Daniele Cherniak has the experience of a seasoned masters runner based on her long-term participation in USATF National Ultra Championships since the beginning of her ultra career. Cherniak, who entered the masters division in the fall of 2001, began at the top with her debut as a U.S. team member at the 1990 World Cup 100 km. Since that world championship at Edmund Fitzgerald in Duluth, MN, the only world 100 km championship raced on U.S. soil, Cherniak has competed in seven USATF ultra championships, winning one and placing in two others.
Her consistent performances at ultra championships earned her a place on nine US 100 km teams that compete against teams from countries throughout the world at the annual IAU World 100 km Challenge. Cherniak has raced in Japan, Italy, France, Belgium, the Netherlands, and Russia with her best world 100 km championship performance in 1999 when she ran 7:56, for 7th place in the women’s race. She identifies the 1998 World Challenge 100 km at River Shimanto, Japan as a highlight. Inspired by the scenic race course she placed 8th in the women’s race to assist the US women’s team in winning a Bronze Medal.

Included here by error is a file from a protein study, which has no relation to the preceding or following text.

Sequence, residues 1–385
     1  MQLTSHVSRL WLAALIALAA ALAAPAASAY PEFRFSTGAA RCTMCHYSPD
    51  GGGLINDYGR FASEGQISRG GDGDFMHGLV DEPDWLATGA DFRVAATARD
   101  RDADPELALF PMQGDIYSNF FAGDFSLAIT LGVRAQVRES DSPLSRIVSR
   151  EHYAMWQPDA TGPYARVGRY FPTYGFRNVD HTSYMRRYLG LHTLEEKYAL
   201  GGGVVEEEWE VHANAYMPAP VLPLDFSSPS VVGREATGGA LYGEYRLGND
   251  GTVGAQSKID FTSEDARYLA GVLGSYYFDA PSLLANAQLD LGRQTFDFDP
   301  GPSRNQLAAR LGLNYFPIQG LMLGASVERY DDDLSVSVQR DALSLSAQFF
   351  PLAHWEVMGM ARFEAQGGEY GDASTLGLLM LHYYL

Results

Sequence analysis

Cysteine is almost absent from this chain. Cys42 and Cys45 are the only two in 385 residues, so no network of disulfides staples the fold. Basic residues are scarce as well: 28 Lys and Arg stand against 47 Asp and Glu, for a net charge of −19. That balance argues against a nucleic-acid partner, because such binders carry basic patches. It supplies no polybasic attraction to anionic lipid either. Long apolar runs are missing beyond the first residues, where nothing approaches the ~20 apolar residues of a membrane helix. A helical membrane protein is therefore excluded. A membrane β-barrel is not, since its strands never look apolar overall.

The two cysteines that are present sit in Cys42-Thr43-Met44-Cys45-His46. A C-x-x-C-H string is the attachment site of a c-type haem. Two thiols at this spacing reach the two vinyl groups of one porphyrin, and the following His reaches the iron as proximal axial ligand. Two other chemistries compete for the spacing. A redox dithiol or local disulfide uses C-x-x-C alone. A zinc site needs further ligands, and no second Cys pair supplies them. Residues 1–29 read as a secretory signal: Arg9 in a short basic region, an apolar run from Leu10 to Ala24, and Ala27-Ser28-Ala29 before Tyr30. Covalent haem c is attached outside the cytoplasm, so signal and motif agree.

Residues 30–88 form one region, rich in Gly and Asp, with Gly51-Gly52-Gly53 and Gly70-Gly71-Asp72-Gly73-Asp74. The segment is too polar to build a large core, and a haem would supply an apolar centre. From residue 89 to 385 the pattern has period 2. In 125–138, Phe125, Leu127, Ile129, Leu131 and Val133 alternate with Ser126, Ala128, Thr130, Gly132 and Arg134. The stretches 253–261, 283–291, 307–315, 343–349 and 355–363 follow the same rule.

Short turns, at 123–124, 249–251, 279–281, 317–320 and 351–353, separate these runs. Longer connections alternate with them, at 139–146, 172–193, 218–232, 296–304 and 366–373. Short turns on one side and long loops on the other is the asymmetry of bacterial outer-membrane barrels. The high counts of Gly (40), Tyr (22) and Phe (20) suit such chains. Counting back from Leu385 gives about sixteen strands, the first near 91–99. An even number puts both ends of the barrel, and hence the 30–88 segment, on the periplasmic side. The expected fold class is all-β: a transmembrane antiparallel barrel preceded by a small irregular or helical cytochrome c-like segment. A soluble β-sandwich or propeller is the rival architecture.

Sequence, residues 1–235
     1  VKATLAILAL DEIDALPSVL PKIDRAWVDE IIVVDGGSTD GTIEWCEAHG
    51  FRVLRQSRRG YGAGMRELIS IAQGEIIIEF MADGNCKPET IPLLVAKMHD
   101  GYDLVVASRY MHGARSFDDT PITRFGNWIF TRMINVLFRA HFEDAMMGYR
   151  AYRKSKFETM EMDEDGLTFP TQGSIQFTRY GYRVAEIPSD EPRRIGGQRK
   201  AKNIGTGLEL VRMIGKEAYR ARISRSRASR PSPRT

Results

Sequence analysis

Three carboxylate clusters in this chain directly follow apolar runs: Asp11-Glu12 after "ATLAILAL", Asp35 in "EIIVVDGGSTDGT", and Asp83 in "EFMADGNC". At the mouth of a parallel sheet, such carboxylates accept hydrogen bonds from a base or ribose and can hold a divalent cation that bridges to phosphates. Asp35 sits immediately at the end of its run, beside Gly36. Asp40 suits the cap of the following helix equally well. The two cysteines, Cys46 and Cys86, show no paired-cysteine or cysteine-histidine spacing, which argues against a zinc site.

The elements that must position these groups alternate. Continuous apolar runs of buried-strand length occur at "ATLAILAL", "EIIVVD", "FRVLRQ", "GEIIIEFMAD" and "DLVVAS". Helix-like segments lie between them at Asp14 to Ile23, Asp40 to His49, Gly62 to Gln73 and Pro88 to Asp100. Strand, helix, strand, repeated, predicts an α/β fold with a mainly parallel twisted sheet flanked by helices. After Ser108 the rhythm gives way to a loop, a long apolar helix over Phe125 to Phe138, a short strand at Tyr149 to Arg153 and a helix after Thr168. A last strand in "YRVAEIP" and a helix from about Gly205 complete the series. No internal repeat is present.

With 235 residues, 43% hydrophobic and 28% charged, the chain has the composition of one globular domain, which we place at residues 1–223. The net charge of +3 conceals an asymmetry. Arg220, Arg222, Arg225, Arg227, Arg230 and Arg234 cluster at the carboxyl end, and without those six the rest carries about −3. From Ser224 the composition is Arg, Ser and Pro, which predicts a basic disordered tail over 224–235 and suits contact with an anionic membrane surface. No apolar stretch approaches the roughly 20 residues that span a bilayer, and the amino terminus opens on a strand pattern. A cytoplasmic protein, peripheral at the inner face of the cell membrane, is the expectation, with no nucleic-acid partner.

"Ultras reward experience and in general teach patience, pacing, and perseverance" Cherniak states with authority. It was experience, patience, pacing, and perseverance that she called on during her most exciting USATF ultra championship race, the 1998 GNC 100 km in Pittsburgh. She overcame some mid-race bad patches and hung on to finish in 8:42 for the National Open Championship title.
Cherniak, a road specialist, takes advantage of the road national championships offered by USATF to meet ultrarunners from all over the country and to race with a high-quality field. She is looking forward to competing in her new masters division and believes that "Masters ultrarunners can be competitive overall at national championships placing with open division runners."